Round Oak



Beckwith’s Round Oak Stove Works

The Dowagiac Area History Museum has the largest public collection concerning the Round Oak Stove Company. Round Oak became synonymous with heating stoves in the late 1800s and the company serves as a local example of the Industrial Revolution and how industrial growth spurred the development of Dowagiac. Round Oak stoves are collected nationwide and the Dowagiac Area History Museum displays many stoves and hundreds of artifacts and photographs covering the company’s 75-year history.


To identify your stove, go to this page: If you cannot find your stove in the identification section, contact the museum and staff may assist in identifying your stove. The museum does not have information on stoves made by other manufacturers, only Round Oak. The Dowagiac Area History Museum does not appraise or value Round Oak stoves. If you have another company’s Oak stove, we do not have information. 


Round Oak History

Philo D. Beckwith

Born in 1825 in New York, Philo D. Beckwith settled in Dowagiac in 1854 and opened a foundry. His experiments with heating stoves in the 1860s led to the reshaping of his foundry business from the roller grain drill to the heating stove. Beckwith cast his first stove around 1867 to heat his struggling foundry and shortly after, the Michigan Central Railroad ordered the heaters for its depots between Detroit and Chicago. By 1871, Beckwith had made heating stoves his primary product and the Round Oak Stove Company was born.

Round Oak reshaped the industry because of the quality of its durable heating stove, its affordability and by the late 1890s there were many ‘oak’ imitators on the market. None could compare to Beckwith’s Round Oak. The company expanded and Beckwith became a very popular man in town. He served as mayor for much of the 1880s and he invested a great deal of money and energy into various philanthropic activities. Beckwith died in January 1889, leaving the management of the firm to his son-in-law, Fred E. Lee.

Round Oak (the official company name became the estate of P.D. Beckwith after Beckwith’s death) continued expanding into the early 1900s. The company added new products, such as furnaces and cooking stoves, and Round Oak produced a wide array of advertising materials. The success of the firm can be attributed to solid products and quality advertising.

Chief Doe-Wah-Jack, baseball, and other Round Oak influences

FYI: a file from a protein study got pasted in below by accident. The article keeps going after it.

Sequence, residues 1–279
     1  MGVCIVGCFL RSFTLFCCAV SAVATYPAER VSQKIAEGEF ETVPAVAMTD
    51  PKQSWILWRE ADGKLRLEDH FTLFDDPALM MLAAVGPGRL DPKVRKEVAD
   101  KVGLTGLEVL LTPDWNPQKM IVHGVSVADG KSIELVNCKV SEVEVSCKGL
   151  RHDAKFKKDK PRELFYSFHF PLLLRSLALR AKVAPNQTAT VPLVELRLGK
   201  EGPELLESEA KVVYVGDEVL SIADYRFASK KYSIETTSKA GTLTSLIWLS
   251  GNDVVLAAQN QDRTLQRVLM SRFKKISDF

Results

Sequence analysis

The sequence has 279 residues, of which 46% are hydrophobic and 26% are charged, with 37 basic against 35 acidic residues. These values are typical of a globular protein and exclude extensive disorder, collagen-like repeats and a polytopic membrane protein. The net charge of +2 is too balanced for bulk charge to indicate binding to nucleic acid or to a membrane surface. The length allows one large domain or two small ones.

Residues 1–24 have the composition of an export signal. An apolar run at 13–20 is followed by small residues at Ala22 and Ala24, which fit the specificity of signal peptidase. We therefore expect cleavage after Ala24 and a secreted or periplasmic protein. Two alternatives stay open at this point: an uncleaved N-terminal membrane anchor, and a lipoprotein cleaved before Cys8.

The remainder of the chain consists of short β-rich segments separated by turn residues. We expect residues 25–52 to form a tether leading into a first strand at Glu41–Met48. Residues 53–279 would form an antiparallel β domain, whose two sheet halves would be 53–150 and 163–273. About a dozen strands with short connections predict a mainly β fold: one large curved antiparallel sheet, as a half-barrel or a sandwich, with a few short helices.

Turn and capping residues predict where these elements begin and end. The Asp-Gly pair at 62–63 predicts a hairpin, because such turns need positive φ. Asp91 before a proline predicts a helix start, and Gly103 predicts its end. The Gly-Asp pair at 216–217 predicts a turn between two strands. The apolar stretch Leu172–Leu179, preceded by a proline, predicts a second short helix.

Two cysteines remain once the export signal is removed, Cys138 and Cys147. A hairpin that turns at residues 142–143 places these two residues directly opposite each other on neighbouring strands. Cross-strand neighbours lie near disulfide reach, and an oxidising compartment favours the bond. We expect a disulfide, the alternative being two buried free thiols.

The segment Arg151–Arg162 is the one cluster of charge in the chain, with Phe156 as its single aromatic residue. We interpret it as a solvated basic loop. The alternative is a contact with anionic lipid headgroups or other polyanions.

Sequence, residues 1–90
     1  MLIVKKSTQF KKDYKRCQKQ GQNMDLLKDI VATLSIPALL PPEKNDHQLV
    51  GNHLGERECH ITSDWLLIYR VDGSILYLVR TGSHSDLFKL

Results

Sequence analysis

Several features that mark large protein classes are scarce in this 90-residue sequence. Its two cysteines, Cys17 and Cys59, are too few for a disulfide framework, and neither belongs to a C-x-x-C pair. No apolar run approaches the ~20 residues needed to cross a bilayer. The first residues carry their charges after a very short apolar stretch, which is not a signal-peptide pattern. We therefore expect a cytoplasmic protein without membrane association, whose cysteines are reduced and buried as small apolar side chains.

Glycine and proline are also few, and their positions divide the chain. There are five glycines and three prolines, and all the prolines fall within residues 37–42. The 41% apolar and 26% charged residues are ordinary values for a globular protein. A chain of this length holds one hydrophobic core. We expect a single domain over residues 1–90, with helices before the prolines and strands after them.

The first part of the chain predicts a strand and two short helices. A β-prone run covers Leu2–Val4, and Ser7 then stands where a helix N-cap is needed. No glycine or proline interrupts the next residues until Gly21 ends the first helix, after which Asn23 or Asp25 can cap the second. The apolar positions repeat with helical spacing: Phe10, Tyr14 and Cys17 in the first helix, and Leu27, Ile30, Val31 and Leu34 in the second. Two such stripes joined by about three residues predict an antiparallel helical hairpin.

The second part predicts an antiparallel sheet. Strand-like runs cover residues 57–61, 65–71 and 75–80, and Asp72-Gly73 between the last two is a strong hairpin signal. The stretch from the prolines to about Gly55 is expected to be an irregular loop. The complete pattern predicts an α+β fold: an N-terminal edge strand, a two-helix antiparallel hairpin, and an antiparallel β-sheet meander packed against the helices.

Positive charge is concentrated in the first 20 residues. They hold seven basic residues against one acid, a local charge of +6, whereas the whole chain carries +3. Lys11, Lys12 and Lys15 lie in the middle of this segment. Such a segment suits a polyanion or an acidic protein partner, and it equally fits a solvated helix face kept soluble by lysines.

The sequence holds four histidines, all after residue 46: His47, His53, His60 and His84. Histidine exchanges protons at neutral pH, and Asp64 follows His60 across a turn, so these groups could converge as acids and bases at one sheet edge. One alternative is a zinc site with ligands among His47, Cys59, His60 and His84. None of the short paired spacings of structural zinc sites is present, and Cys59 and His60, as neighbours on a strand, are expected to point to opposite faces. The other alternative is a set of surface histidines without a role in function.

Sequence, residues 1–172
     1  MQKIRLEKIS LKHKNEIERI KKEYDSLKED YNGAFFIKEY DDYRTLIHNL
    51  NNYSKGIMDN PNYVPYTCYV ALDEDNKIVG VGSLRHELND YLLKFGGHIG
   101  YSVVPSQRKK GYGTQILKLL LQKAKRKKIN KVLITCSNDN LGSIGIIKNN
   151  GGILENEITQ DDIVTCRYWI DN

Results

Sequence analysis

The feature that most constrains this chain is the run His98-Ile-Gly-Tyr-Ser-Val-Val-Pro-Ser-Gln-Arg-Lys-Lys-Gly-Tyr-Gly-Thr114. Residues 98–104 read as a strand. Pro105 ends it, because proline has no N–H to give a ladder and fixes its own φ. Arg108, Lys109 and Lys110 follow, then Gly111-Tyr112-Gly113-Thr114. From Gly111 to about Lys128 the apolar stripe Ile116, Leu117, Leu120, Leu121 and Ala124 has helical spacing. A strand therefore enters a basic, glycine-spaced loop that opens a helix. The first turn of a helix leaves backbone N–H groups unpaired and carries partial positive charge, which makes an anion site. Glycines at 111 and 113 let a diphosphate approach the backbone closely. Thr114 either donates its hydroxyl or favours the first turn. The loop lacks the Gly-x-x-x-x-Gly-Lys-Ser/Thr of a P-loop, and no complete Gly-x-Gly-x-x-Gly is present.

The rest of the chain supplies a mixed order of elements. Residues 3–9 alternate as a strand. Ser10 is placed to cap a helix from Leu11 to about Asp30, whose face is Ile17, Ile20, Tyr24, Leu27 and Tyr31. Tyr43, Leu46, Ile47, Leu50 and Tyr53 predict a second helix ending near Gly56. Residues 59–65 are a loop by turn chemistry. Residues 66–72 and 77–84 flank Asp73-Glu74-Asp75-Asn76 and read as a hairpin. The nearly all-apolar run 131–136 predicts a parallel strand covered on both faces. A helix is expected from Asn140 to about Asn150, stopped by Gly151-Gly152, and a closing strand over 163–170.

Around 1900, Round Oak introduced a mascot – Chief Doe-Wah-Jack, a fictional Native American Indian, who appeared on most Round Oak advertising until the company’s demise in the 1940s. The theory holds that with the spread of the telephone, customers had trouble pronouncing Dowagiac when asking the operator for a connection. Chief Doe-Wah-Jack remedied that problem by providing the town’s phonetic spelling.

While Dowagiac was not a ‘company town,’ Round Oak’s influence went far beyond its factory grounds. The company sponsored a semi-professional baseball team and the Round Oak Band. Dances were held in Round Oak Hall and the Beckwith family built the Beckwith Memorial Building and Theatre in Dowagiac, which opened in 1893. At the company’s peak in the early 1910s, Round Oak employed 1,200 people at a time when Dowagiac’s population was around 5,000.

Round Oak’s decline in the furnace business

Poor management and deaths led to the start of Round Oak’s decline in 1914. Ormal Beach, the company’s first salesman, died that year; Arthur Beckwith, Philo’s adopted son and major innovator of Round Oak products over the years, died of tuberculosis; and lastly, veteran employee Arthur Rudolphi left to start his own furnace company after being denied a promotion. In 1915, the Rudy Furnace Company became the first of three Round Oak competitors to open in Dowagiac, followed by Premier in 1920 and Dowagiac Steel Furnace in 1929.

The Great Depression and World War II

Round Oak stayed strong into the 1920s and survived the Great Depression, though greatly damaged. World War II government contracts helped the company stave off elimination, but once the war ended, Round Oak was a troubled company. In 1947, the company sold its buildings to Kaizer-Frazer for the production of automobile engine parts and the Round Oak name was sold to Peerless Furnace, which continued to make repair parts for furnaces and stoves. A Round Oak comeback in Dowagiac in the early 1950s was short lived and Round Oak was left to history.

Museum’s Round Oak artifacts

Round Oak Stove and Furnace Company artifacts are collected nationwide today. The stoves are used worldwide  as the Museum has received inquiries from as far away as New Zealand and Australia. The Museum’s vast collection includes (in addition to stoves) artifacts related to P.D. Beckwith’s grain drill and early stove business, advertising, company ledgers and papers, workers’ implements and many one-of-a kind pieces.